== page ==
Welcome to Netrider ... Connecting Riders!

Interested in talking motorbikes with a terrific community of riders?
Signup (it's quick and free) to join the discussions and access the full suite of tools and information that Netrider has to offer.

One persons view.....

Discussion in 'General Motorcycling Discussion' at netrider.net.au started by Toecutter, Dec 11, 2007.

  1. I've copied this over from the Ulysses Forum. I've met the author, and solved a few of the worlds problems over a cold beer a couple of times. He's an ex copper, big hulk of a man, and he and his wife have four bikes betwen them at last count. So they love motorcycling.....here's his tale in follow up to a post made here by Carolf_au last week.



    Today was a particularly sad day for me, and a lot of other people. Why? We attended the funeral of David “Guido†Giacca, our friend from Pro Honda, who died last week at Mt Cotton.

    I led the ride of 50+ bikes from Brisbane to Stanthorpe, his home town, where we joined with hundreds of other mourners for a full Catholic service. For these locals, the service was doubly sad as one month ago, they had farewelled Guido’s father in a similar service. None were expecting to be back so soon.

    I managed to hold up during the service, the parade of bikes in front of the hearse to the burial plot and the final internment. But as I watched his aged and distraught mother performing the final act of casting flowers and soil on the coffin I started to cry. No parent should have to bury their own children. This I know from experience.

    Then Guido’s partner and son – hands clasped tightly to each other – stepped forward. And as they did the same simple and touching ceremony, I broke and sobbed out loud. Hardly anyone noticed – all were doing the same.

    Why am I posting this? One reason is to share with my friends I suppose and thereby lessen my grief. That's a bit selfish of me.

    But also, and more importantly, to make the point that we often think that if we kill ourselves on our bikes, so what? We’re doing something we enjoy and so long as it is quick it mightn’t be a bad way to go. If we do it without taking anyone else out it is just ourselves we hurt. What’s the problem? Well today, that problem, forever in the back of my mind, was spelled out with a clarity seldom seen.

    Thanks for listening and please be careful out there.
     
     Top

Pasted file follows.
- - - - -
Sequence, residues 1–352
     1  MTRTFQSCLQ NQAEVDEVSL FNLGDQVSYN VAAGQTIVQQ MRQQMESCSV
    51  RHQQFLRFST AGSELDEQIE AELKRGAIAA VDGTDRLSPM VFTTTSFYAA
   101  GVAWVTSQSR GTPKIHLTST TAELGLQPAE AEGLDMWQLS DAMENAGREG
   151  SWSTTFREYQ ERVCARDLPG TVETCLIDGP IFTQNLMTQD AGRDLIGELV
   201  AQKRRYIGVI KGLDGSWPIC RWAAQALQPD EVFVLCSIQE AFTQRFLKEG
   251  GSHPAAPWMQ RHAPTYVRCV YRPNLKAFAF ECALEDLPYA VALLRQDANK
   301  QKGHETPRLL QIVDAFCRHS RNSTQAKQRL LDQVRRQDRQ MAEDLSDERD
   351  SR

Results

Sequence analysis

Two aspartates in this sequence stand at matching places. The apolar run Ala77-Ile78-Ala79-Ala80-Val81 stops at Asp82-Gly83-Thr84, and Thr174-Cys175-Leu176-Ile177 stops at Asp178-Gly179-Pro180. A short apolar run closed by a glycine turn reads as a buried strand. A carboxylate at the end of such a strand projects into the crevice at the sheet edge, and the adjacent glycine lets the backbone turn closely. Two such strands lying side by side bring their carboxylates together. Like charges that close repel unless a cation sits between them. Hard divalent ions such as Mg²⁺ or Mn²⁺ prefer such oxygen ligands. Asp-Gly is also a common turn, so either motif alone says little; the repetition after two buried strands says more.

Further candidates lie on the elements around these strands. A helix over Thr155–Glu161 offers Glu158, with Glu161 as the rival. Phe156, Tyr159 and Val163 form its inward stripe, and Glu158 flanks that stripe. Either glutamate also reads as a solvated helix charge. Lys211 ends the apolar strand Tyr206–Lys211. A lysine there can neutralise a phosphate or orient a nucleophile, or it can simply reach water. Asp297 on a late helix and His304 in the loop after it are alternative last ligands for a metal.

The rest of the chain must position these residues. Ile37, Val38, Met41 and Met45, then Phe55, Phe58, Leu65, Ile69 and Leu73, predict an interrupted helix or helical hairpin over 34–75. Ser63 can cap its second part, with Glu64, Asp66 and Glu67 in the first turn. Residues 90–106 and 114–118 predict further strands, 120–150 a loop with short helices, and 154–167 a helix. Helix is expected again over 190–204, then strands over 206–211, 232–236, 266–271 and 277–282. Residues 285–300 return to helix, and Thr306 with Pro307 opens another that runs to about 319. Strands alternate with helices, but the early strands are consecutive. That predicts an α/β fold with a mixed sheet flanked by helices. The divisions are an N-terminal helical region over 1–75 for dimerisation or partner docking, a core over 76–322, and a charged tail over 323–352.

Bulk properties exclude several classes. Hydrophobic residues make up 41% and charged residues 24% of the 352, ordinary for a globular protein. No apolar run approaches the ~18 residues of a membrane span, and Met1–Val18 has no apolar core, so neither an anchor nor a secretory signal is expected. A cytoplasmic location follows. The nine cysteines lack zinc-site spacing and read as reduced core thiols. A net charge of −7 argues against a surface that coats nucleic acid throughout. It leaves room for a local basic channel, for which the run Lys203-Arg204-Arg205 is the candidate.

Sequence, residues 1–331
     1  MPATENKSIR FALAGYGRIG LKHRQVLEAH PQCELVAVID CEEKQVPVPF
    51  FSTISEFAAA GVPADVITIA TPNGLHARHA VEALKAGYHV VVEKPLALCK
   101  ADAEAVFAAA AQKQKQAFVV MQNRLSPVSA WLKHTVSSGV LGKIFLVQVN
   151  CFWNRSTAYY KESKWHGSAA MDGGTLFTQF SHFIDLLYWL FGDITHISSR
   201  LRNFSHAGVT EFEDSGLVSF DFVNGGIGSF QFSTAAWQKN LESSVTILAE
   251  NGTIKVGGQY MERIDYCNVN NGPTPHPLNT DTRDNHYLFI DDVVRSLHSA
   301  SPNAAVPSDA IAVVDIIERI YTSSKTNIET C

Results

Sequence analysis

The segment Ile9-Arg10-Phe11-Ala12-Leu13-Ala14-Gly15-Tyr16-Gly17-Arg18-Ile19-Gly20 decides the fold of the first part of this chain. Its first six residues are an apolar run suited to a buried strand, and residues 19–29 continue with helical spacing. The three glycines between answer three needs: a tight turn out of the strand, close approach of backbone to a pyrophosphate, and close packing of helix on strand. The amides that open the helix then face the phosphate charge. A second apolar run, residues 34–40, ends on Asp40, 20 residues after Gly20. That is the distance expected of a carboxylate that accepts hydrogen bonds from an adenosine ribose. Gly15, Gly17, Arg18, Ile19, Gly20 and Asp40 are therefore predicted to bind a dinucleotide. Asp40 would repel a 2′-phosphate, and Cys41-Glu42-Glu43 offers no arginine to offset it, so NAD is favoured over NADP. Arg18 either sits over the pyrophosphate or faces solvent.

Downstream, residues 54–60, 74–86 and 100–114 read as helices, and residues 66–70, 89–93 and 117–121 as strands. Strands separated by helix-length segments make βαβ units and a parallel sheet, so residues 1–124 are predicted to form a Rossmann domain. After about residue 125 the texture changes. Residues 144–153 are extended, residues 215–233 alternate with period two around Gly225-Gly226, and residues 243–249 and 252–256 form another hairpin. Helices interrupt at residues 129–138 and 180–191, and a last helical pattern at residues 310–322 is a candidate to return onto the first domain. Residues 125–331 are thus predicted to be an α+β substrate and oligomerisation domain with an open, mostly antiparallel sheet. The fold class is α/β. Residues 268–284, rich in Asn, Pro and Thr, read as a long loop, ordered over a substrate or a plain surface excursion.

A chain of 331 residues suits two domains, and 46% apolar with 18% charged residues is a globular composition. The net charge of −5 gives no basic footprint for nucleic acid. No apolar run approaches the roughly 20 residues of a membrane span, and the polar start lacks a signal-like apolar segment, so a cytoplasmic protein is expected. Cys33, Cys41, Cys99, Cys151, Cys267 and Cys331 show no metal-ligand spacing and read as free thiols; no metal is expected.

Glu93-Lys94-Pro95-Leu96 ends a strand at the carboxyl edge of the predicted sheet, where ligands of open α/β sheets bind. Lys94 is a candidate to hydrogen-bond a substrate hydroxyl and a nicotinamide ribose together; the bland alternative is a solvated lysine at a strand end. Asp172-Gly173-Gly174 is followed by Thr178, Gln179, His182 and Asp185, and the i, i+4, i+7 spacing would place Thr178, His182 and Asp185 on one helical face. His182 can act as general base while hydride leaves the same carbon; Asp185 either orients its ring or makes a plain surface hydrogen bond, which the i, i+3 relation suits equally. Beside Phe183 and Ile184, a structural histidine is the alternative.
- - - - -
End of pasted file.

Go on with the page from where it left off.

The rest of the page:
2. That's the bit we pretend doesn't exist.
     
     Top
  3. The potential grief thrust upon those closest to me is what pulls me back into line when I start riding stupid.

    Thanks for posting this, Toecutter.
     
     Top
  4. Wow. Cold shiver. Thanks for posting.

    I think everybody needs to be pulled back into line every now and again. Remembering the people that would be devastated if you're gone is one very easy way to do that.
     
     Top
  5. Andrew and Cheryl bought the bikes they rode from Guido in the last couple of months. Guido was led out by a Blackbird and CB1300S. It was an eerie thing to watch the cortege of motorcycles leave that church. It is an event I don't want to have to watch again for a very very long time.

    My husband and I talked to Andrew and Cheryl on the way home, to share a couple of good stories about Guido. Back in Brisbane we all gathered to have a coffee, and to share more stories, half of us expecting Guido to walk through the door.

    So I share my stories here, in the hope that it may slow some of you down, maybe rethink getting on the bike when it just doesn't feel right, take it a little slower on a corner, maybe save a mother saying goodbye to her son or daughter. This is the first time we've had to say goodbye to a friend, and we know that he was doing what he loved, and that brings a little smile when I think that, but then I remember that I'll never get another hug from the cuddly guy, and I hug my husband a little closer.

    Ride safe, everyone of you.

    Carol
     
     Top
  6. Guido will be sadly missed and fondly remembered. He will be riding with us always and thinking that will put a smile on my face :) The Service was deeply moving for both myself, my wife and all who attended. The procession of bikes and Guidos helmet brought tears to many. It's going to be strange at ProHonda for quite some time as all of us will be expecting the big fella to walk out and say hello or do something silly :) I am glad I knew the man and I am proud to call him mate. He was a fellow rider and a champion of a man - he was GUIDO :)
     
     Top